For competitive games like Dota 2 or Valorant, there is an obvious need to be good at the game to win. Be it skill, discipline or staying calm during clutch moments, there’s always room for improvement even for the best of players. That is what makes competitive gaming so fun and interesting. All these aspects require commitment and many, many hours spent on the game, practicing mechanical skills (like aiming and recoil control) and learning about the meta (like how some heroes are better in certain patches of the game over other heroes). A new phenomenon arises where individuals don’t have to start from scratch all by themselves. Instead, they can rely on experienced players who can teach them about the game and improve their gameplay. This phenomenon is called ‘coaching’.
Coaches are essentially personal trainers who can teach you the basics, various ways to play a certain game as well as the most effective strategies to take when faced with certain situations. Coaching is no longer uncommon in the gaming realm as retired players would come back to the competitive scene as coaches to pass down their knowledge and ways to the younger generations. For example, ‘Fear’ is a veteran player in Dota 2 who spent several years as a pro player in Evil Geniuses. After retiring as a pro player, he came back as a coach for the same team he used to play for.
Who can be a coach?
You don’t have to be a pro player in order to coach another person. Just as there will always be someone better than you, there will also be someone not as good as you that you can teach to become better at the game! However, it takes more than just being better at the game, so aspiring coaches take note!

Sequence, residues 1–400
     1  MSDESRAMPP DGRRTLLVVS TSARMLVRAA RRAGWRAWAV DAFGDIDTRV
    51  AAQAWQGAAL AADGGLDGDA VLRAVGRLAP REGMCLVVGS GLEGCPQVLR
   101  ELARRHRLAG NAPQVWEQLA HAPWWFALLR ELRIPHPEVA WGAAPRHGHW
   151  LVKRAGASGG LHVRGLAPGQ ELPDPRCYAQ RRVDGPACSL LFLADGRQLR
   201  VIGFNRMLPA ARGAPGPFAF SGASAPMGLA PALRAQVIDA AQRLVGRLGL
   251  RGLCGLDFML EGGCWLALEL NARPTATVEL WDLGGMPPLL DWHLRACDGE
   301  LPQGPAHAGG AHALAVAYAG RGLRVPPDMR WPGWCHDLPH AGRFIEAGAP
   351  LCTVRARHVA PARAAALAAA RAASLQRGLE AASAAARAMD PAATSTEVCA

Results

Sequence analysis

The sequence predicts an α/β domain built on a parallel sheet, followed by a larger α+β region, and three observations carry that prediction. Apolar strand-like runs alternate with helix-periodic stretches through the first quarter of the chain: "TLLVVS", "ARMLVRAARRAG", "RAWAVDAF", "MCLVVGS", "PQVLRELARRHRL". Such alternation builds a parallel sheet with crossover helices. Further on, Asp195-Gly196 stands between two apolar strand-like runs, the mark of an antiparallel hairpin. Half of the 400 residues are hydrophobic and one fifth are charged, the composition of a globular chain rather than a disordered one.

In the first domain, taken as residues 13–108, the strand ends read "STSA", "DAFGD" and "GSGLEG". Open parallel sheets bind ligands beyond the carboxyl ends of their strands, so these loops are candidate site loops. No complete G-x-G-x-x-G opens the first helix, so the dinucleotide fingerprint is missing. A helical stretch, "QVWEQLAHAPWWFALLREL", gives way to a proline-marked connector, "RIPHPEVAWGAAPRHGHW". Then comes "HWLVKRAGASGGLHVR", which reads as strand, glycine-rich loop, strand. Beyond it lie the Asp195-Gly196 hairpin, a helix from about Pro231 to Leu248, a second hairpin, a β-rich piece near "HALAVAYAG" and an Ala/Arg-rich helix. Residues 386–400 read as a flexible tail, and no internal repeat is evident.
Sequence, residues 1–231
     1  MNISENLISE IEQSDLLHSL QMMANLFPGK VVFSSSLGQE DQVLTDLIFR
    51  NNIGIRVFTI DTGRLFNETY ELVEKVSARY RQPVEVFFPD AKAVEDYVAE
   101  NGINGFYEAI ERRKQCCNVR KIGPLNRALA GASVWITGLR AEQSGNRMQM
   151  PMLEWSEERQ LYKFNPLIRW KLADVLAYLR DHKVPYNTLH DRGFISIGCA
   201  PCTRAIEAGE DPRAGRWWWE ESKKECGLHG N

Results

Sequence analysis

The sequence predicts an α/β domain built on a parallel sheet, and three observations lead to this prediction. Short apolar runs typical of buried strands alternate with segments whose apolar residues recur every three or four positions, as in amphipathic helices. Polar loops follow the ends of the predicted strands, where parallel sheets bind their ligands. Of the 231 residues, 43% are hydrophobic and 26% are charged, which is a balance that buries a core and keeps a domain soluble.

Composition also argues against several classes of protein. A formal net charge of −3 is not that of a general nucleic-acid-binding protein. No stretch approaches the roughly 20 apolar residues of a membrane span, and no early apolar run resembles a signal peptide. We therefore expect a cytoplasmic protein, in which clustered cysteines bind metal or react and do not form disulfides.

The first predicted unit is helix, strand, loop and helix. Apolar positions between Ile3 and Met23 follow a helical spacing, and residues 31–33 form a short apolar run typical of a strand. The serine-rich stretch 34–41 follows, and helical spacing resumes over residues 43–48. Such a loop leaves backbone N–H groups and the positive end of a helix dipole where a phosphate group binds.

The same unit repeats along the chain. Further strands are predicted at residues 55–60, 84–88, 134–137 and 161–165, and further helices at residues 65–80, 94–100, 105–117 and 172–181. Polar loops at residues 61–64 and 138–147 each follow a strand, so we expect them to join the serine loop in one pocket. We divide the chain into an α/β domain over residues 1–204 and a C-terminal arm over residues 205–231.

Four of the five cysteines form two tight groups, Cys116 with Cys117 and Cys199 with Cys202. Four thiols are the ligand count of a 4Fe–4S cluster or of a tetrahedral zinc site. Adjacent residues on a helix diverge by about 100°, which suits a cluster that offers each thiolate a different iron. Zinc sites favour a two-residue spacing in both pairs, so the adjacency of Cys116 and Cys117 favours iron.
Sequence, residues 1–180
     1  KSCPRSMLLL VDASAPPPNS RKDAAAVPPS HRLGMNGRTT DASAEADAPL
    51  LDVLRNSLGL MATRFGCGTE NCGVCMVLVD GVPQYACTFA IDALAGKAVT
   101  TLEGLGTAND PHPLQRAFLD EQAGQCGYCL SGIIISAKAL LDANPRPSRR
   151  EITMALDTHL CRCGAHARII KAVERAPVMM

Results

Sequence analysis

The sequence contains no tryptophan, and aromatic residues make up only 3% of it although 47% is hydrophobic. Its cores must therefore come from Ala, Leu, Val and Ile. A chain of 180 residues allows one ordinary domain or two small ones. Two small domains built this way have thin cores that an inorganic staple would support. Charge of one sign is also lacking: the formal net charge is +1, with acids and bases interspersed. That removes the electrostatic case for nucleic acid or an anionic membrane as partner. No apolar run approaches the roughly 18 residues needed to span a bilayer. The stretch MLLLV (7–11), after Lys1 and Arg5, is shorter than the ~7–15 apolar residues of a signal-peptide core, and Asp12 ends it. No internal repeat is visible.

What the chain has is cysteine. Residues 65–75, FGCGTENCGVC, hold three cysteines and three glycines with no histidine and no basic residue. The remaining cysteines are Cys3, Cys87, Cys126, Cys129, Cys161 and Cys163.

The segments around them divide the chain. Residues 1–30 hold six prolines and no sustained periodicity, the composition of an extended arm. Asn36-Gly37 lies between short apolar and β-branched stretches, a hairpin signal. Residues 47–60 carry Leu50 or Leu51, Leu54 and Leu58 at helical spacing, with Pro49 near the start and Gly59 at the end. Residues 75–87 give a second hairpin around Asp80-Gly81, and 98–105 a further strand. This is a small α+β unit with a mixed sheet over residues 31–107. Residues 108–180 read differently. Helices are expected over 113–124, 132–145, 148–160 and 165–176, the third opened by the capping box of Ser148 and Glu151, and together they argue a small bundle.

Traits to becoming a good coach
Assessment – Aside from teaching the basics and most effective ways to play, it is also essential that you are able to assess the strengths, weaknesses and tendencies of the player you’re coaching. Different players have different ways to handle a situation. Unless it’s an outright terrible move, it is better to advise the player on what they can add or remove about their playstyle, without changing it totally. It’s still them playing the game after all.
Respect – Recognise and respect the difference in skill level between you and the student. It is unrealistic to expect an Iron ranked player to play like an Immortal within a few sessions.
Patience – It also requires you to be extremely patient as it takes time and effort for your student to thoroughly absorb your teachings. You might have learned things faster but that doesn’t mean that your student will be able to do the same thing.
Openness – Coaching can also be a two-way flow of ideas. Sometimes, a lower levelled player may come up with a strategy that is refreshing for an experienced player to incorporate in his/her gameplay. As a coach, you shouldn’t be there to force feed your ways onto your student. Be open, embrace new ideas and help each other!
Enjoyment – Although coaching can be a stressful thing, it is important that both coach and player are enjoying the process. Unless you’re out to compete in a high-stakes competition, there’s really no need to be stern and strict about coaching. You are there to help the player become better at the game, not make the game not enjoyable for the player. Have fun!
What’s in it for you?
As a coach, the fulfilment of bettering a fellow gamer should be the best reward there is. What’s more, you might very well gain a friend to game with AND get paid in the process of doing so! Do you think you have what it takes to become the next best coach? Try it with us at Gank and list your services under ‘Coach’! Follow this simple guide on how to list your services on our platform and start coaching!